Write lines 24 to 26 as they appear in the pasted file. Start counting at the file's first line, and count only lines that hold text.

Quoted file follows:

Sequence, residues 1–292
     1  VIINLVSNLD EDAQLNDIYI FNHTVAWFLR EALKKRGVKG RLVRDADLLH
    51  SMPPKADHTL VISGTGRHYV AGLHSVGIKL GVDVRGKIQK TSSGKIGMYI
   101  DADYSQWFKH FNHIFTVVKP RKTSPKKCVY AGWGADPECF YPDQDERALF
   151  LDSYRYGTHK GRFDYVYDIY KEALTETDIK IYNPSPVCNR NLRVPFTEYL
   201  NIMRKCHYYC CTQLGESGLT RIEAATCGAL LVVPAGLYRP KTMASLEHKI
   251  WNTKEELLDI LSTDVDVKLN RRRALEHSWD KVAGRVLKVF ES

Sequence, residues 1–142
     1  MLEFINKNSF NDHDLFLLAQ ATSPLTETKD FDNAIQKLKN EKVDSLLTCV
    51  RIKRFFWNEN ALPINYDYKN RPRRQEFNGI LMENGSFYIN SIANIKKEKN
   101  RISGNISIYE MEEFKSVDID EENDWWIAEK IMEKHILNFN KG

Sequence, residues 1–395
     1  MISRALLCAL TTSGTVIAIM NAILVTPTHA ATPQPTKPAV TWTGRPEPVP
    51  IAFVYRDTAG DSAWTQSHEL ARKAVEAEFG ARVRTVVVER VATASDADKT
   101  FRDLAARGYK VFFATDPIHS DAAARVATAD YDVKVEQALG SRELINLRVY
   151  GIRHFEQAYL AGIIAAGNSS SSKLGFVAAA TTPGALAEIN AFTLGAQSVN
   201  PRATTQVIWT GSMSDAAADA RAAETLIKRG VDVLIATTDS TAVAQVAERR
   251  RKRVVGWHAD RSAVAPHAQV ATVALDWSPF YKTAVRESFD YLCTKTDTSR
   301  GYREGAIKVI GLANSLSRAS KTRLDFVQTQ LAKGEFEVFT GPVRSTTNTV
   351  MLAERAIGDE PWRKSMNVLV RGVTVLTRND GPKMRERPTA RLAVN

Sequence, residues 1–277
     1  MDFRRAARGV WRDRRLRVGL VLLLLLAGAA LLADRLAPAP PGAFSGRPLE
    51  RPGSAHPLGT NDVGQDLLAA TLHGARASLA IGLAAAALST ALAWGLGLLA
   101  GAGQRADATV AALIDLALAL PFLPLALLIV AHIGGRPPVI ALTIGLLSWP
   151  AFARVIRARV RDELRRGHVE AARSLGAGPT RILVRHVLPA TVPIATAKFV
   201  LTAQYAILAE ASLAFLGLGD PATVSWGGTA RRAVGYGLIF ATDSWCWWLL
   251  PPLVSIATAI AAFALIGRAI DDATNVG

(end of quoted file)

   101  GAGQRADATV AALIDLALAL PFLPLALLIV AHIGGRPPVI ALTIGLLSWP
   151  AFARVIRARV RDELRRGHVE AARSLGAGPT RILVRHVLPA TVPIATAKFV
   201  LTAQYAILAE ASLAFLGLGD PATVSWGGTA RRAVGYGLIF ATDSWCWWLL